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Sambuca Inferno Ice, Sambuca Gold,
Sambuca Black.

Sambuca is an Italian anise-flavoured, usually colorless liqueur. Its most common variety is often referred to as white sambuca to differentiate it from other varieties that are deep blue in color (black sambuca) or bright red (red sambuca).[1]



Sambuca contains essential oils obtained from star anise, Illicium verum, which give the liquor a strong anise flavor. The oils are added to pure alcohol, a concentrated solution of sugar, and other flavoring. It is commonly bottled at 42% alcohol by volume (84 proof).


The etymology is disputed: the Molinari company states that the name Sambuca comes from an Arabic word: Zammut. This was the name of an anise-flavored drink that arrived to the port of Civitavecchia by ships coming from the East. [2] The Oxford English Dictionary states, however, that the term comes from the Latin word sambūc-um, meaning "elderberry".[3]

Other proposals are that it could have come from the Indian name for fennel, sounf or soambu, where it is a regular ingredient in cooking, or that it comes from "sambuq", a type of Arabic ship which may originally have been used to import the drink and may hence have given it its name.

The Italian word Sambuca was first used as the name of another anise-based liquor that was created in Civitavecchia about 130 years ago.[2]

The first commercial version of such a drink started at the end of 1800 in Civitavecchia thanks to Luigi Manzi that started selling Sambuca Manzi, that is still produced today. In 1945, soon after the end of Second World War, commendatore Angelo Molinari started producing Sambuca Extra Molinari, that helped the diffusion of Sambuca all over Italy.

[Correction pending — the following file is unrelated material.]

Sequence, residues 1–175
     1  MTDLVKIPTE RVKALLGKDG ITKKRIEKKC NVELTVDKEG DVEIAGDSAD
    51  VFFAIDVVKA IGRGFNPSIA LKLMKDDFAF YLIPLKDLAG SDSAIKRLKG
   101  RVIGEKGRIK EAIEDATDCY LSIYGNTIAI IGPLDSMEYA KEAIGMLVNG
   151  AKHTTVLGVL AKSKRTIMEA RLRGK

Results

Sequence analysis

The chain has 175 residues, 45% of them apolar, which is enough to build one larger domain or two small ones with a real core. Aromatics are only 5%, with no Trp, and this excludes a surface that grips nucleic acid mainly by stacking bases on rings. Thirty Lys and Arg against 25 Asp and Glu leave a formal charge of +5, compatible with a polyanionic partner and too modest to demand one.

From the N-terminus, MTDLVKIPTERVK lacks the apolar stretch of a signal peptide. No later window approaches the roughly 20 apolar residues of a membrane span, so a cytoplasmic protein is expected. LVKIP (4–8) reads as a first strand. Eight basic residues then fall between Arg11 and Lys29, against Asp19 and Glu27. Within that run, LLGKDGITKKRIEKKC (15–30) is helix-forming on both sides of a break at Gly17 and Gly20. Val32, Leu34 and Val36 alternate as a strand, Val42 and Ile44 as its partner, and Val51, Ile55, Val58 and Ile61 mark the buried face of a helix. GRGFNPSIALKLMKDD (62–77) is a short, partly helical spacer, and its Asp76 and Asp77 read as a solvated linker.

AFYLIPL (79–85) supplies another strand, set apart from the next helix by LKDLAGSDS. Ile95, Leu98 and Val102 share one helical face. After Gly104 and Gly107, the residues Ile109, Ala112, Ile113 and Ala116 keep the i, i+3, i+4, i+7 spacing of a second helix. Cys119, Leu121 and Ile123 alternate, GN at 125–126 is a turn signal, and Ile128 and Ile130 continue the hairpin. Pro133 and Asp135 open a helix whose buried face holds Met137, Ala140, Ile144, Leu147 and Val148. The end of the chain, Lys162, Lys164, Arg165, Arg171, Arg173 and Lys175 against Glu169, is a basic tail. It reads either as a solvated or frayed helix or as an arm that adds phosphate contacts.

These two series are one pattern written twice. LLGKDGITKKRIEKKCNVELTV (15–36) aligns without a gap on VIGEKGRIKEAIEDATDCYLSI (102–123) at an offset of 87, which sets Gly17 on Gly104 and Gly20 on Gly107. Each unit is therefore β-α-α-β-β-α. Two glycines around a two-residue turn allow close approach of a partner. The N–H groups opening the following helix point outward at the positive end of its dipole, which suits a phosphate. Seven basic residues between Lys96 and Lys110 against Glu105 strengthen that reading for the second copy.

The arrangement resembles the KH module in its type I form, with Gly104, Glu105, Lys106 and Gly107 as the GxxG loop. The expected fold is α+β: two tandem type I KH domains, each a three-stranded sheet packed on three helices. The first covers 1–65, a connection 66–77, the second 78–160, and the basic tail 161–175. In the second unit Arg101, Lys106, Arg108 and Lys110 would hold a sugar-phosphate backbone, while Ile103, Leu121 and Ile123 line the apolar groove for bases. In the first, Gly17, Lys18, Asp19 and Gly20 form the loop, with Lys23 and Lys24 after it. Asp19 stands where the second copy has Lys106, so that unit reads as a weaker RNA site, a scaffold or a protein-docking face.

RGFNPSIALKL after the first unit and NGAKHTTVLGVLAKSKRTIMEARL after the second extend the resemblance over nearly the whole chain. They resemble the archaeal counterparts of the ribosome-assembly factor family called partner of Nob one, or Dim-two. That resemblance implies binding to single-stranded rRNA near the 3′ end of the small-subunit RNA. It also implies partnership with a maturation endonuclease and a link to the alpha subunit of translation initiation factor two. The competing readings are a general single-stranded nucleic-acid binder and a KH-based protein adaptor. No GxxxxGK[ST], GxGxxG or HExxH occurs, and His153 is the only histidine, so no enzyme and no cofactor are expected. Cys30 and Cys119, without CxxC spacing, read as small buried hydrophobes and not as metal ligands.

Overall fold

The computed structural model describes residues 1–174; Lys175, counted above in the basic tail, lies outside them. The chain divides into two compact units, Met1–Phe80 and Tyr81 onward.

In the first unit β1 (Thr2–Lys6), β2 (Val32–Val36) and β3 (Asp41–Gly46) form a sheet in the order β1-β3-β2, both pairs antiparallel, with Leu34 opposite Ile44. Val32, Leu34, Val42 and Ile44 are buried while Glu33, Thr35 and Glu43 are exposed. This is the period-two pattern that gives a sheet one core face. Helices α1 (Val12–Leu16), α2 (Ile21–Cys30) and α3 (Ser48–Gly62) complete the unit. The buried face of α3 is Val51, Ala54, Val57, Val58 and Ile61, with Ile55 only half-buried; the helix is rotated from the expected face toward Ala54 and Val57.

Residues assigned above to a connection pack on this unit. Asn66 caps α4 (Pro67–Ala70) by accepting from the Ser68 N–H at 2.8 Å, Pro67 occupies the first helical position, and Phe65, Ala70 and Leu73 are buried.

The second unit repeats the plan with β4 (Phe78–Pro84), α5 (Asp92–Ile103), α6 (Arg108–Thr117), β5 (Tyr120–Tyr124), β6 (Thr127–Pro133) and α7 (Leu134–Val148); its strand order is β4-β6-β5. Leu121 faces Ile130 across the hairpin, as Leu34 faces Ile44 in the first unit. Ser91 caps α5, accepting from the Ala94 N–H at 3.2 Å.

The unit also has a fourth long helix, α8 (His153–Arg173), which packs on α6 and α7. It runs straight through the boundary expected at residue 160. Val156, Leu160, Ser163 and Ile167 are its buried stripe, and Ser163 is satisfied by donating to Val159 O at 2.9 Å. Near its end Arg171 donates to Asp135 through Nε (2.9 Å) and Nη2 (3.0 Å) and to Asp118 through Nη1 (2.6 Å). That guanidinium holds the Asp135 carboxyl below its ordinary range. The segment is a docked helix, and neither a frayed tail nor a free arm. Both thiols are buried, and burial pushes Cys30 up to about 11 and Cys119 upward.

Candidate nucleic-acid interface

Sambuca, served on the rocks as an ammazzacaffè


Sambuca can be served neat, as Ammazzacaffè or just as refreshment.

On the rocks

Sambuca can be served with ice, optionally adding some coffee beans as ornament. The ice enhances the flavors and changes the color of the drink from transparent to dense white.

With toasted coffee beans

In Italy it is common to serve neat Sambuca with some floating coffee beans dropped on it: it is called Sambuca con la mosca (literally, "Sambuca with flies")[4][5]. The beans are there as an ornament, but they can be chewed to increase the taste of anise. It is usually served in restaurants with 3 coffee beans and is said that the beans represent health, happiness, and prosperity.

In coffee

Sambuca can be added to coffee as a sweetener instead of sugar. The mixed drink in Italian is called Caffè corretto (literally, "corrected coffee"), though more commonly caffè corretto refers to grappa and coffee.

With water

Sambuca can be served adding fresh water, becoming a refreshing less alcoholic drink.

With cola

Although uncommon, Sambuca can be served with cola to make a refreshing long drink. Much like with Ouzo, mixing Sambuca with cola creates a cloudy brown drink due to the Ouzo effect.

Flaming Sambuca

Flaming Sambuca.

Sambuca may be served in a shot glass and then set on fire for a second or two, in order to increase its flavour.

Flaming Sambuca in a sniffer.